Organic Solar Cells

We aim at producing strong contributions towards the development of cost-efective, low energy pay back time photovoltaics based on abundant and non-toxic materials. The two pillars of our research are the use of advanced spectroscopic techniques and targeted  processing schemes.

Our novel processing schemes enable fine control over desired properties, including crystallinity/packing, molecular orientation, as well as samples with controlled lateral gradients in desired properties. These samples are used on the one hand, to perform fundamental studies on well defined samples that help to stablish the link between structural properties and device performance. These may include the determination of phase diagrams, miscibility of components, as well as fundamental studies of the optical and electrical properties of materials. On the other hand, we use our processing toolkit for the optimization of solar cells through combinatorial screening methods. Finally, we do not loose the chance to explore novel device concepts based on our developed structures, such as position sensitive photodetectors or polarization sensors.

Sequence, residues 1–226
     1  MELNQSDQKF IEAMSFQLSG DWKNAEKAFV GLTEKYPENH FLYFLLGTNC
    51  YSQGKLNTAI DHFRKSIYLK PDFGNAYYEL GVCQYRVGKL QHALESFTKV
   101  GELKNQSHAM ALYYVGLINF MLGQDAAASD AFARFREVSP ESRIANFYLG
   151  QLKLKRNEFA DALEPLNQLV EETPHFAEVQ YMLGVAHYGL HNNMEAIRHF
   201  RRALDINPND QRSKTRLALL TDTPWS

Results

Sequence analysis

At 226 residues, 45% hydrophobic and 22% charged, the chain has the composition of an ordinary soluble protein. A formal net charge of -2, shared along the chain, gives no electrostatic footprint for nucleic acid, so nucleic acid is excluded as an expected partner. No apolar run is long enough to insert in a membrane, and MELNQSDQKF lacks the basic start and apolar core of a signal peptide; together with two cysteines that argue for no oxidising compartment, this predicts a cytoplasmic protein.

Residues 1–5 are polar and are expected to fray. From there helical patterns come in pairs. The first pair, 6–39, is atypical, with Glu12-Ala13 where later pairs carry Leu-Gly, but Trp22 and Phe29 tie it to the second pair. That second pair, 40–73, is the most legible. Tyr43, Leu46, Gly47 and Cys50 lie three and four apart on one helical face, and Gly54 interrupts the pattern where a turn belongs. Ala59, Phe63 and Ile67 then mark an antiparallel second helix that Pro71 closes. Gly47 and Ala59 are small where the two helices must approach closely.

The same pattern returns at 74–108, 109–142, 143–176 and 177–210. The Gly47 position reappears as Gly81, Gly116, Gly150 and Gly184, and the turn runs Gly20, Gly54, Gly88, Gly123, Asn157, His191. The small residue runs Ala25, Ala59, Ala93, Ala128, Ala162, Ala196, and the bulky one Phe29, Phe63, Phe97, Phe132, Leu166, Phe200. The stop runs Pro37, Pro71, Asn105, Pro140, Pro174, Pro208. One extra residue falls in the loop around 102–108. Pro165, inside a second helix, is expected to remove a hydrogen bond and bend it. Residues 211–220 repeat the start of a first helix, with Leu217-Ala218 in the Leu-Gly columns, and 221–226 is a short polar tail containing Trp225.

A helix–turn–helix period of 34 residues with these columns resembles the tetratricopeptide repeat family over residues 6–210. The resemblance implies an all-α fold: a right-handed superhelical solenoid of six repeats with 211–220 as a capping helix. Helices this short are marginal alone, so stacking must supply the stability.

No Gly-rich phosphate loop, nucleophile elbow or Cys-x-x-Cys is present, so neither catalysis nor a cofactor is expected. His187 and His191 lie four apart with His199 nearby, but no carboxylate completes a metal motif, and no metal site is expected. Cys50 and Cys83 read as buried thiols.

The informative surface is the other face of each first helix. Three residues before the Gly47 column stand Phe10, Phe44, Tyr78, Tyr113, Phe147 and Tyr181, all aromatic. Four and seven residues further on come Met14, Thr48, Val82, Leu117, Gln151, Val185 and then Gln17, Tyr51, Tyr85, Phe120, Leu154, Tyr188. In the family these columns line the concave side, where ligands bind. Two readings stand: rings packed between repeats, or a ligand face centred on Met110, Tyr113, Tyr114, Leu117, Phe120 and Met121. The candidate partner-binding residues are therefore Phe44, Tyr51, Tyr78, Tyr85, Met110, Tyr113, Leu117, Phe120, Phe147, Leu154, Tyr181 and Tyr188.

On the other hand, in order to be able to draw clear structure-property nexus, our strategy consist of combining spectroscopic techniques such as Raman, microPL or ellipsometry together with device characterization techniques, including photocurrent maps or local EQE measurements.

Finally, we also aim at using the developed scientific knowledge to help in the upscaling of the technology. We do this through long standing collaborations with private partners. Specific examples include combinatorial screening of novel materials, color tuning in OPV, development of green inks, or ITO replacements.


KEYWORDS: organic photovoltaics; processing toolkit; spectroscopy; upscaling.

Frequent collaborators:  Prof. Jenny Nelson (Imperial College London); Prof. Olle Inganas (Linköping University); Prof. Donal Bradley (Oxford University); Prof. Paul Smith (ETH Zurich); Prof. Christoph Brabec (Erlangen); Dr. Lee Richter (NIST); Prof. Hideyuki Murata (JAIST); Prof. Christian Muller (Chalmers); Dr. Juan Cabanillas-Gonzalez (IMDEA); Dr. Paul Lacharmoise (Eurecat); Prof. Alberto Salleo (Stanford).

Contact: Mariano Campoy Quiles (

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